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Q+A-Sri Lanka’s Rajapaksa tests popularity with parliament poll

[Reuters, Wednesday, 10 February 2010 09:23 No Comment]

Sri Lanka’s newly-re-elected President Mahinda Rajpaksa has dissolved parliament and called elections on April 8, hoping to cash in on his popularity following the end of the 25-year war against Tamil separatists.[ID:nSGE6180CF]

Here are some questions and answers on the political and economic implications


Parliament’s term was ending this year, but by advancing the election, Rajapakse is aiming to deny his rivals any time to recover from the Jan. 26 presidential election defeat. Since Rajapaksa’s re-election, his chief rival and former army commander General Sarath Fonseka has been arrested on military offences along with his supporters, a move which analysts say will reduce the strength and fighting power of the opposition.

A victory in the election will give Rajapaksa the legislative power to make sweeping changes in the country. He needs a two-thirds majority to implement a campaign promise to change Sri Lanka’s constitution aimed at a political solution for ethnic minority Tamils and Muslims. But, much will depend on what the changes are going to be.


The opposition is likely to use the arrest of Fonseka as a rallying point to regroup at the April polls. Road protests, strikes, and labour unrest could have a ripple impact on the $40 billion economy, which is poised to grow over 6 percent this year due to post-war economic optimism and high foreign investments.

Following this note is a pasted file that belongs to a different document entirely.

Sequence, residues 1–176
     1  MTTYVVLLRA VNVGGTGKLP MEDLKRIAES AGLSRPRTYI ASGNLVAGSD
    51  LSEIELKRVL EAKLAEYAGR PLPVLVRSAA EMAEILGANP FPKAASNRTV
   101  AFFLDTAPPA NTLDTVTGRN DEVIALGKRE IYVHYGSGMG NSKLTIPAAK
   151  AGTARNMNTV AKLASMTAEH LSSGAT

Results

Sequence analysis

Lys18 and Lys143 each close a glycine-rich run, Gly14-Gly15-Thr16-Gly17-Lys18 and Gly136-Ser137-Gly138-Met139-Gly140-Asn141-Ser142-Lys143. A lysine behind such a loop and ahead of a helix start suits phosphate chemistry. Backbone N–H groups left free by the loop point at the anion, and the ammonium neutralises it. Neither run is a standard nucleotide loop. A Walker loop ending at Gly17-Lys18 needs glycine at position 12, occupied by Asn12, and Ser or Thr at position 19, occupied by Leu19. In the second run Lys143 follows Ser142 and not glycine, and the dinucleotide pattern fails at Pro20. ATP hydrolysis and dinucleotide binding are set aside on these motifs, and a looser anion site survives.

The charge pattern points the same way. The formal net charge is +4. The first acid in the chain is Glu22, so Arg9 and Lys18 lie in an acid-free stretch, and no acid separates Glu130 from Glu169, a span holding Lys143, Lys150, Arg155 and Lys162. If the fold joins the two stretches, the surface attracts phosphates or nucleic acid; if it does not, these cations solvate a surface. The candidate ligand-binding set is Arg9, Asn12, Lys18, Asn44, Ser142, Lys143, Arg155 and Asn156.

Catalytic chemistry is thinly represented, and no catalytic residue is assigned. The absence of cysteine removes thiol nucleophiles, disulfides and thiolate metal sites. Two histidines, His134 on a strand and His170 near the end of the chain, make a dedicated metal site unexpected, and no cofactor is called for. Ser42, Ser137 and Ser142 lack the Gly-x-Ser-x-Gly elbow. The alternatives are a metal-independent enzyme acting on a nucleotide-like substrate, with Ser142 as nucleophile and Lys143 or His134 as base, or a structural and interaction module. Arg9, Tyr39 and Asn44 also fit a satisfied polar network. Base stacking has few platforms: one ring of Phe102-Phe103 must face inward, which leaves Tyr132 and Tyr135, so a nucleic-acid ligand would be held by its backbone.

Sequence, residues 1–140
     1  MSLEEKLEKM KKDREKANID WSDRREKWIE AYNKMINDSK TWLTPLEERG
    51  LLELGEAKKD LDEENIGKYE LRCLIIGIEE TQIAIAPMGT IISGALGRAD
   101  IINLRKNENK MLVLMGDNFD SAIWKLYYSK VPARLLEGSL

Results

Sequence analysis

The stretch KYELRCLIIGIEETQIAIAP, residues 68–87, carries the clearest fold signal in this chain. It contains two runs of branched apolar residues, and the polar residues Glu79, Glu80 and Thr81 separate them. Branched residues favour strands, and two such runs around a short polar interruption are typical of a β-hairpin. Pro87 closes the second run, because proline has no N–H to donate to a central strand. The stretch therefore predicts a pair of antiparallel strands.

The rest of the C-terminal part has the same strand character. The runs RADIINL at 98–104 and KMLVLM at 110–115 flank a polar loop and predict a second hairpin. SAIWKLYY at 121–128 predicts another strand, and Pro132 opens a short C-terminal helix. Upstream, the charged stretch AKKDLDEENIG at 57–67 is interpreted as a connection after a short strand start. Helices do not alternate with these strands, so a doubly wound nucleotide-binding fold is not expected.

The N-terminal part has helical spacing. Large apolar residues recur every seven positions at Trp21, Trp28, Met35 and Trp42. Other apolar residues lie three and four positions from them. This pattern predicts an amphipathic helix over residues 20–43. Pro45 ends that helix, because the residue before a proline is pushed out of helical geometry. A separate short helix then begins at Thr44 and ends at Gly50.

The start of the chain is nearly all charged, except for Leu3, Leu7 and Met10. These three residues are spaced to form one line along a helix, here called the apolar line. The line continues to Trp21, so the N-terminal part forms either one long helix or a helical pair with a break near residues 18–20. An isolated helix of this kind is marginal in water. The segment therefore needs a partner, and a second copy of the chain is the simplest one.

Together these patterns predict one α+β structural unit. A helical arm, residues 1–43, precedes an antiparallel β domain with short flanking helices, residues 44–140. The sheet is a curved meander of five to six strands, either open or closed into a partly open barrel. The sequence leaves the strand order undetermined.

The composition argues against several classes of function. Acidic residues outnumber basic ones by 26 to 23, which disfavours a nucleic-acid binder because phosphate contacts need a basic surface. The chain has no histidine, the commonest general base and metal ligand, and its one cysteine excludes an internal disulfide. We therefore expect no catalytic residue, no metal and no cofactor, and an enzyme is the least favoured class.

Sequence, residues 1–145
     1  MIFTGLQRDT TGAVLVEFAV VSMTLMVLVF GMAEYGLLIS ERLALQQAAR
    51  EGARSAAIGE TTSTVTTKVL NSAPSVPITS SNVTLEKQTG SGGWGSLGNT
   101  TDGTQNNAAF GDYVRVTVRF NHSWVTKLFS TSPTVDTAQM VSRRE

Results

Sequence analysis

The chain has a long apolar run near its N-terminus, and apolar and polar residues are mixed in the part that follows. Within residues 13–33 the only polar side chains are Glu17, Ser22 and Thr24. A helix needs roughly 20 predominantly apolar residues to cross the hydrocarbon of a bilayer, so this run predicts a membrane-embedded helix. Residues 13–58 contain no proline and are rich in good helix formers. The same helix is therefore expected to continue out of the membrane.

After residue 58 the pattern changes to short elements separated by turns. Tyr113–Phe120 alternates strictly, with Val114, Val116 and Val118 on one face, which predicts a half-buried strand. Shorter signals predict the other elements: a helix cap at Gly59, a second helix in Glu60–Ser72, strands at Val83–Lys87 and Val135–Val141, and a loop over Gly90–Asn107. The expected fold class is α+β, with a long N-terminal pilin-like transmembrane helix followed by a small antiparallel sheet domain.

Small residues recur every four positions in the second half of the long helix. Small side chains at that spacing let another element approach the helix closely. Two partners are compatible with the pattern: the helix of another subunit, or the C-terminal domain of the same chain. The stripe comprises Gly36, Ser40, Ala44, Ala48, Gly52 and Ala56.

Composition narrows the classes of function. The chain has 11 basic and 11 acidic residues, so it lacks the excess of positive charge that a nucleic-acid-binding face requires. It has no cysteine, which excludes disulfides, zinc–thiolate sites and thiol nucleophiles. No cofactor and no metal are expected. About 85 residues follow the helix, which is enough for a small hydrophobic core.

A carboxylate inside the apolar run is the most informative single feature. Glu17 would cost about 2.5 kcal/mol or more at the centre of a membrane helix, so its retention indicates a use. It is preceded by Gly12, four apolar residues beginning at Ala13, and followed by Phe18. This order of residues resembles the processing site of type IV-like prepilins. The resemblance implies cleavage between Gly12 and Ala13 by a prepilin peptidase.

But Rajapaksa has made clear that he is not shy about using the considerable organs of the state at his disposal, as has been the case with many of Sri Lanka’s previous presidents. Also, while Fonseka was a hero to many Sri Lankans for his relentless pursuit of the Tamil Tigers, it was Rajapaksa who won the presidential election with a landslide margin of 18 percentage points.


Sri Lanka’s booming stock market <.CSE> has been keeping up a record pace since the end of the war in May, gaining 125 percent in 2009 to earn it a spot among the world’s best performers. It was resilient throughout the bumpy election campaign and since Rajapaksa was declared the winner, it hit new record highs on almost every day. A lot of that is driven by local buying, since foreign investors are net sellers. Analysts and investors say that since the war is gone, the politics don’t make a huge difference. What matters is whether Rajapaksa sticks to pledges made to the IMF to rein in a budget deficit and improve the country’s macroeconomic fundamentals.

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